Congress tries new approach to meeting its fiscal goals

Congress took some heat earlier this month when it afflicted the country with huge budget cuts in the form of the sequester — but left Congressional salaries alone. And now comes a report out of the Washington Guardian that House Republicans may have gone on an eating binge using taxpayer money:

As the country hurtled toward the fiscal cliff and sequestration, House Republican leaders apparently couldn’t live without their catering, coffee and cars.

In the last quarter of 2012, they spent tens of thousands of taxpayer dollars to bring in food and drink from upscale restaurants, trendy coffee shops and grocery stores — even though Congress was only in session about a third of the time.

Coverage of the spending has focused on the GOP’s professed interest in decreased government spending and attempted to highlight this seeming hypocrisy. The original report from the Guardian was headlined “GOP leaders spent tens of thousands on coffee, doughnuts and catering” and continued, “The country may be headed toward leaner times with the sequester budget cuts, but you couldn’t tell from the way members of Congress spent on themselves.” But I’m not sure that narrative is altogether correct — or fair.

For one thing, the amount in question is peanuts compared to the overall budget. For another, Democrats behave in exactly the same way — it just doesn’t make headlines because we already know they’re big spenders.

But most importantly, let’s take a look at where all that money went:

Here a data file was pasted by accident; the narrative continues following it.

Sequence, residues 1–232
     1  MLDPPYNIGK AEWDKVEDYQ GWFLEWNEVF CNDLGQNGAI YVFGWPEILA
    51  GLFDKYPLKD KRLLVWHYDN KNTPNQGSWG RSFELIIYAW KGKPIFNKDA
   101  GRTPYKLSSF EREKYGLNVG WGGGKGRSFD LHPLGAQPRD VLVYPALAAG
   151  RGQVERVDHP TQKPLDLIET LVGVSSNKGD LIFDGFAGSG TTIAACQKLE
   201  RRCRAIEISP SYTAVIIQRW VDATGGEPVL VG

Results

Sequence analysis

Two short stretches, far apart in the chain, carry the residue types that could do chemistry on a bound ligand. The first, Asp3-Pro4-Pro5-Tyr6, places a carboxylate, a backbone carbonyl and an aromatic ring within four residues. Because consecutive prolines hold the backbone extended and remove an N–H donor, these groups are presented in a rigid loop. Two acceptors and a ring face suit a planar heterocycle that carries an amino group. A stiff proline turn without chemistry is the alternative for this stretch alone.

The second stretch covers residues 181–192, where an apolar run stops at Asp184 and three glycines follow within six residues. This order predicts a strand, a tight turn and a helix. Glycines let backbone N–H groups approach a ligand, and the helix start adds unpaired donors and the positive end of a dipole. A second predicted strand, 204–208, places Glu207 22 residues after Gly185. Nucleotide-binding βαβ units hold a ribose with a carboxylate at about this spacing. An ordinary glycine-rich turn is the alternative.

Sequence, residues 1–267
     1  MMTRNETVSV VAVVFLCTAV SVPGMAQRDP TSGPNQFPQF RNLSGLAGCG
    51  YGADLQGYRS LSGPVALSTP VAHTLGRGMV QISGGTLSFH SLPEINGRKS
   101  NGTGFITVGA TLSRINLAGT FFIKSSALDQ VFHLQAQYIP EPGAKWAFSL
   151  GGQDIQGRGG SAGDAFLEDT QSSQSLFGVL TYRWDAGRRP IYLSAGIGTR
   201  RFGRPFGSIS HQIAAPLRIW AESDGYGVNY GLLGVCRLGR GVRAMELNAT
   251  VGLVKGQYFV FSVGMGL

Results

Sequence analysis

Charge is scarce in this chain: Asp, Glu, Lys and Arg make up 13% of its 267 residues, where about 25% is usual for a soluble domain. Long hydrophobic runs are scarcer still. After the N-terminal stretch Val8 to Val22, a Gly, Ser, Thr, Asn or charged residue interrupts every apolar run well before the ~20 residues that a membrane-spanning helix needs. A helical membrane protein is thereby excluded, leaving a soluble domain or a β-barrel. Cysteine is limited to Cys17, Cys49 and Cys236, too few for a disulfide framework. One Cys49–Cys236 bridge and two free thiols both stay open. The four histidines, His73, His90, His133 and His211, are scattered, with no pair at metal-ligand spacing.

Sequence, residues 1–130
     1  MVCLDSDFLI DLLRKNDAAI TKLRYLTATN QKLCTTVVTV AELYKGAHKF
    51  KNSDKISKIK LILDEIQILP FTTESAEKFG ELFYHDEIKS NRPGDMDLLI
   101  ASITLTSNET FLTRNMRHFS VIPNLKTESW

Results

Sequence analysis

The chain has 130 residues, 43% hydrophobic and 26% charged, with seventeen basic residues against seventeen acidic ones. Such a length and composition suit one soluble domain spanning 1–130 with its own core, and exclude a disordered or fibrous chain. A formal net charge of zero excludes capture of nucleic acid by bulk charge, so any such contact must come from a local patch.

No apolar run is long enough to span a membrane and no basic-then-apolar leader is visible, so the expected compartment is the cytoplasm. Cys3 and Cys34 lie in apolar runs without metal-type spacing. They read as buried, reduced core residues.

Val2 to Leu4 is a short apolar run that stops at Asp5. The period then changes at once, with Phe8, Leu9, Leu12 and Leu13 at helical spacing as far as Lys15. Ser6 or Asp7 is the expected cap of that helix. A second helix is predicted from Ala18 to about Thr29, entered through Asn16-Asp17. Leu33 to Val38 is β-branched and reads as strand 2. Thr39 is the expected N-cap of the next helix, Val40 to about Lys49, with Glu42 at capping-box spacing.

House Speaker John Boehner’s office racked up  $2,204.66 in coffee supply purchases during the month of November alone. The Speaker’s office had more than $15,000 in expenses, according to the congressional audit report, more than $11,000 of which was for food and beverages. The spending came even though Congress was only is session 35 of the 92 days in October, November and December.

In another instance, California Republican and Majority Whip Kevin McCarthy’s office spent nearly $2,500 of his more than $10,000 in expenses in one day at Qdoba Mexican Grill. Among the expenses listed in McCarthy’s expenditure report – in addition to the Qdoba tab – are $2,300 at Chicken Out Catering and almost $2,600 at Buca di Beppo restaurant in Washington.

The smallest expenditure tab belonged to Majority Leader Eric Cantor’s office, which totaled less than $4,200. Almost $3,000 of that was for purchases at Harris Teeter, Safeway, Dunkin’ Donuts, and Highland Estates Coffee.

If only Republicans were in any position to sell government spending as an attempt at job creation. Alas.

Now let’s review the criticism all this spending incurred. The Guardian interviewed Norm Ornstein, an expert on Congress and a senior political analyst with the American Enterprise Institute:

“The larger question – where will Congress show its own belt tightening when some of the dislocations caused by sequester begin to bite out in the country – is as yet unanswered. But I doubt it will involve cutting out the coffee at the caucus meeting.”

Ornstein rightly highlights budgetary belt-tightening as a Republican priority, but I think he misses one crucial point: follow the money — straight to Qdoba, Chicken Out, Dunkin’ Donuts. And remember, there’s more than one way to tighten a belt (and it doesn’t involve making the belt smaller):

belt-tightening

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